Why Build Trails at Ski Resorts?
Skiers and snowboarders, as you may know, flock to the snow in the winter. Housing, shops, restaurants, and so on have all been built and are ready to serve those clients. But what happens when there isn't any snow?
There are a few things that people do in the mountains, with trails being by far the most popular. Bicycling, hiking, and running are examples. Trails are the most requested amenity. However, if the ski area relies on existing trails and haul roads, it will discover that few people want to use them because these routes are purely functional. They are for function rather than to delight the user. What will attract people are recreational trails. Recreational trails are intended to provide an enjoyable experience while on the trail. These trails have been purposefully designed to be enjoyable so they are used alot. The percent grade of the trail is one key difference between functional and recreational trails. They should be constructed at a low grade, around 5%, so that people of average fitness can walk, run, or ride uphill without being overwhelmed by a steep grade. On the way down, a slope of about 5% works well because trail users will not feel as if they are going to slip. Similarly, a bicyclist will not have to hit their brakes or feel like they’re heading over the handlebars.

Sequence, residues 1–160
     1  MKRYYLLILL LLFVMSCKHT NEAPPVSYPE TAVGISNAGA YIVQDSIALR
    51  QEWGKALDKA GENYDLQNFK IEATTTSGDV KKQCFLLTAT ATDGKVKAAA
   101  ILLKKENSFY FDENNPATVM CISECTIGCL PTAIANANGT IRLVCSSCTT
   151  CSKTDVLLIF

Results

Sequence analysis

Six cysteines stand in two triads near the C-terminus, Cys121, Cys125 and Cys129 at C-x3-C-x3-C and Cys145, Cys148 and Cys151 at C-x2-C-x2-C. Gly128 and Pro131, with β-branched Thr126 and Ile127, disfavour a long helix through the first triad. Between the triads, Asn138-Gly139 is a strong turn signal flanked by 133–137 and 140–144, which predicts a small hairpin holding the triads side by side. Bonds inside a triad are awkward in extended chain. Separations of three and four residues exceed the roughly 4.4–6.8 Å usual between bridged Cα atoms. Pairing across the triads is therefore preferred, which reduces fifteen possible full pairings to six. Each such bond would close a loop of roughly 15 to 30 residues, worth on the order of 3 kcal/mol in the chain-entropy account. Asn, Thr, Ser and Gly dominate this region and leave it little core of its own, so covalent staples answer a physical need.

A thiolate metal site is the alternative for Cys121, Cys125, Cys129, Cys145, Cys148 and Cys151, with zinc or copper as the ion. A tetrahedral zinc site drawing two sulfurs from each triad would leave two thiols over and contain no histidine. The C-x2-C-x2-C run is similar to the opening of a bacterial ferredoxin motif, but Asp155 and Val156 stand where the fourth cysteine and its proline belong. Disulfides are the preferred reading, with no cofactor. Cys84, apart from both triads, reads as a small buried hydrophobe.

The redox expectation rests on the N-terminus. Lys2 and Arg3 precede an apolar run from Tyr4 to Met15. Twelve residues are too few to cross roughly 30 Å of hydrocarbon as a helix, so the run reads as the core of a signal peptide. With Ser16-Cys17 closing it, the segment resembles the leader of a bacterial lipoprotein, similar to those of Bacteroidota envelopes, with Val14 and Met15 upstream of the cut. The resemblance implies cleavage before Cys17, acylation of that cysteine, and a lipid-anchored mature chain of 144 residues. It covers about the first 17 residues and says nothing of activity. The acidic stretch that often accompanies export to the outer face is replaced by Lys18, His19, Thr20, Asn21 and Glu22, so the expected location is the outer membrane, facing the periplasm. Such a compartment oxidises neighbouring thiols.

Beautiful views are presented in well planned recreational trails. They should direct the users' gaze. Another feature of our resort trail builds is that they are designed to handle higher levels of traffic. This means they are a little wider and have places to pass. With the popularity of electric bikes in ski areas, the resort does not necessarily need to have lifts running to create a downhill experience. Electric bicyclists will discover that going up is just as enjoyable as going down. However, if the ski area decides to become a downhill bicycle destination, they may find that they have enough riders to keep their seasonal employees on board, as well as some of their hospitality staff, and a likely bump in real estate values. The planning phase is critical for resorts interested in adding a trail. This is the most important because approvals from municipalities or forest services can take years. Furthermore, organizing with the ski area management takes time. As a result, it is best to start planning in one summer and then build the trail in the following. Trailscape is able to provide trail planing for a reasonable fee, which can aid in the approval process. We always recommend hiring a qualified trail designer early in the process. A common mistake we've seen is resorts using a preliminary trail plan to get approvals only to discover those plans were flawed. This is often hard to change as the forest service will approve a corridor for the trail that may not be optimal after all the environmental studies are complete. Thus, costing more time and money for a product with less value.
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